Isolated and quaint, Halibut Cove is a small village of about 90 permanent residents nestled on the east side of Kachemak Bay.
About Halibut Cove
There are no roads to Halibut Cove – in fact there are no roads in Halibut Cove. The community is only 12 miles across Kachemak Bay from Homer and the famous Homer Spit, which makes it an interesting side trip for anyone visiting Homer.
Halibut Cove’s peak years date back to 1911 when it supported 42 herring salteries and a population of more than 1,000. After the salteries closed, most residents left and today the community is an enclave of artists, craftsmen, commercial fishermen, and the operators of one very fine restaurant. Halibut Cove extends across 12 blocks of boardwalk that skirts the water’s edge and provides a scenic view of the mountainous east side of Kachemak Bay.
Things to do
To get to Halibut Cove, visitors can take one of the ferry services that cruise daily from the Homer Spit. Along the way ferries swing past Gull Island, home to some 16,000 nesting seabirds including puffins, kittiwakes, murres, and cormorants, and boat operators offer tours of the island for those interested in birding. Scheduled ferry departures leave plenty of time to explore the art galleries that display painting, pottery, and sculpture from more than a dozen local artists, or to dine at an excellent restaurant featuring fresh-caught seafood.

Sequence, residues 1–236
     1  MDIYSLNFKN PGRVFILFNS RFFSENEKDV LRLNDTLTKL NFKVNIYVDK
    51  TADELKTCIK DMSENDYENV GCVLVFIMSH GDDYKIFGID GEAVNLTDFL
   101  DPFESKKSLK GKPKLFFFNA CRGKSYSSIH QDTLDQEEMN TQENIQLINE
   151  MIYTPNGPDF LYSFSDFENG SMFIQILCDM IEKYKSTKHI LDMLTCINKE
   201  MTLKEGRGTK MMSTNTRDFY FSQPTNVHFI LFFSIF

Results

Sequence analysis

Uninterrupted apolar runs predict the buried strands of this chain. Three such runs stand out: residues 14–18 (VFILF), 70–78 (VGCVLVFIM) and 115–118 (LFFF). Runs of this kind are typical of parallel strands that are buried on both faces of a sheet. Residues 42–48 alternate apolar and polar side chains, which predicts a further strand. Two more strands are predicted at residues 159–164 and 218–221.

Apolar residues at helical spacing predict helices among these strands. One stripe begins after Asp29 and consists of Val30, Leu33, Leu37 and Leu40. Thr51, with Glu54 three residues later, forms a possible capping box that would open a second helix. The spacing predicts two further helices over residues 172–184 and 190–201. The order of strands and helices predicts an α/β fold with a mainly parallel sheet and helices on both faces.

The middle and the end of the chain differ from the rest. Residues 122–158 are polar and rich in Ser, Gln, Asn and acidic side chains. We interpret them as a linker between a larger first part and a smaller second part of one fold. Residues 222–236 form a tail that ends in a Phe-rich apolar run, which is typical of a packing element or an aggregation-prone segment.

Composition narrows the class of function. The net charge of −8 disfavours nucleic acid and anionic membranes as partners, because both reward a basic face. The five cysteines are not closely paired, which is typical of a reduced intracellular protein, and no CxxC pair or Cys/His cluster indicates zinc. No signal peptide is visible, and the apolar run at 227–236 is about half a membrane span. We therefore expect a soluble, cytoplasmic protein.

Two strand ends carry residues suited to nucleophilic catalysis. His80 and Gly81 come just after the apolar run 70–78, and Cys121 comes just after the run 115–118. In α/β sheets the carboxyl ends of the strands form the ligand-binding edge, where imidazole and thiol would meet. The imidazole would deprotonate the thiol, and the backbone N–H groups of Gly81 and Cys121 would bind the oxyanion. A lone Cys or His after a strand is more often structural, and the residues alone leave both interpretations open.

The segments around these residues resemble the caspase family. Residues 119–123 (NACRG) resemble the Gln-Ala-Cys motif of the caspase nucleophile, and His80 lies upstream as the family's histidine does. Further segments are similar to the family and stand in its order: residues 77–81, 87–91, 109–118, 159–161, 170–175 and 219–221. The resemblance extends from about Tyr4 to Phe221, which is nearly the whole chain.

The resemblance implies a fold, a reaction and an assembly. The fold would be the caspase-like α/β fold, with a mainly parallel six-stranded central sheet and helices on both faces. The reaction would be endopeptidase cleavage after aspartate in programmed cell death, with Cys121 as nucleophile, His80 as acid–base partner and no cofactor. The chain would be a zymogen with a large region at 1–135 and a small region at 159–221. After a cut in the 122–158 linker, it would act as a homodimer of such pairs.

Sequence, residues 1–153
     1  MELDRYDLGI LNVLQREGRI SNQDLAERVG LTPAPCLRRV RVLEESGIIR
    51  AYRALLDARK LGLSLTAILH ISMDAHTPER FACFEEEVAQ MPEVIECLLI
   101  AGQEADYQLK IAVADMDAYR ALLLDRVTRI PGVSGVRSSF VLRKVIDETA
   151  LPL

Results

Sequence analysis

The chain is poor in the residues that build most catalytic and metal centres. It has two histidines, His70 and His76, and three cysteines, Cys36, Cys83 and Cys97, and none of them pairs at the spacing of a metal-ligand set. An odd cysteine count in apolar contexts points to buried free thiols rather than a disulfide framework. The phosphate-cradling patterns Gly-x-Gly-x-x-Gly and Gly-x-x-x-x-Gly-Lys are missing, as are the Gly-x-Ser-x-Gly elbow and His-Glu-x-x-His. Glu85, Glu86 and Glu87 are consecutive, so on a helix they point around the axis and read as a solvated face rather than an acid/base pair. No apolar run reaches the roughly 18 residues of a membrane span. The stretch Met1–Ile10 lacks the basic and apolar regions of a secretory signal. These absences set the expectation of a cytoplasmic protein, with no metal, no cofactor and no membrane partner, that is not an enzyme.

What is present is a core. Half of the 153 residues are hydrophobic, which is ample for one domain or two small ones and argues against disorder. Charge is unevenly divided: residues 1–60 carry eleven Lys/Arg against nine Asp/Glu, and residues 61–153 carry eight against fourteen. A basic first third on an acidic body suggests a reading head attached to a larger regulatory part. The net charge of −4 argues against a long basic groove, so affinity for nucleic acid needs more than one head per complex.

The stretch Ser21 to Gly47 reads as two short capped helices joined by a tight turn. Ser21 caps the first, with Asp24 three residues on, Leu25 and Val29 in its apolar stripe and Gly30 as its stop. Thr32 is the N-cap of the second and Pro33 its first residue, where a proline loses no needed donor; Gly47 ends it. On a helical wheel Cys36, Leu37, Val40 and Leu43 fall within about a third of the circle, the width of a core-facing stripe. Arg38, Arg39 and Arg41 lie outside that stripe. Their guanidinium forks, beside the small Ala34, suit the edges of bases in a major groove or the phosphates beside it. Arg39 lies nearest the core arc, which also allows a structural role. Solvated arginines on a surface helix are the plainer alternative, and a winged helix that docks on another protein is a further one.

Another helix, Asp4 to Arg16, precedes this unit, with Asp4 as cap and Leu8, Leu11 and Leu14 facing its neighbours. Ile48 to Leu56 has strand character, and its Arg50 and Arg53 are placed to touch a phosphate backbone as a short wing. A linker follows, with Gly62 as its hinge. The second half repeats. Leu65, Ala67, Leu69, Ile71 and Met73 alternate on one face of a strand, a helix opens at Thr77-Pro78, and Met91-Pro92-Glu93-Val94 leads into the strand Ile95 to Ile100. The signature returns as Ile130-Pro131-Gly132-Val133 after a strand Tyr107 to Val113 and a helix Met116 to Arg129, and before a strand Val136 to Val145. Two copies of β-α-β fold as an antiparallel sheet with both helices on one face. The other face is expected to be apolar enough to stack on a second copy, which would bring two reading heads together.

To make Halibut Cove an even more interesting side trip, spend the night at a lodge or cabin. A day spent kayaking the protected coves of Kachemak Bay State Park, hiking its many trails, or beachcombing along the shore are great ways to experience Halibut Cove and its surrounding area.
The most popular attraction of Kachemak Bay State Park is Grewingk Glacier, with the trailhead to the glacier accessible via a short boat ride from Halibut Cove or Homer. Hiking out to view the glacier is a popular activity that involves an easy one-way hike of 3.5 miles on the Glacier Lake Trail, or a longer 6.7 miles on the Blue Ice Trail for views overlooking the glacier.
With dozens protected coves and bays, Kachemak Bay State Park offers numerous opportunities for kayakers. In Halibut Cove, some lodges include use of kayaks with accommodations. Paddlers can also rent kayaks in Homer and bring them over on a water taxi.
Staying & Eating in Halibut Cove
Halibut Cove is home to two wilderness lodges that offer luxurious accommodations with stunning ocean and mountain views. There’s also a variety of guest houses, cottages, and cabins. Halibut Cove also offers a truly unique dining experience at the Saltry, a fine dining restaurant focusing on local fare and seafood perched right over the water on Ismailof Island. Reservations are required and include round-trip ferry service from Homer.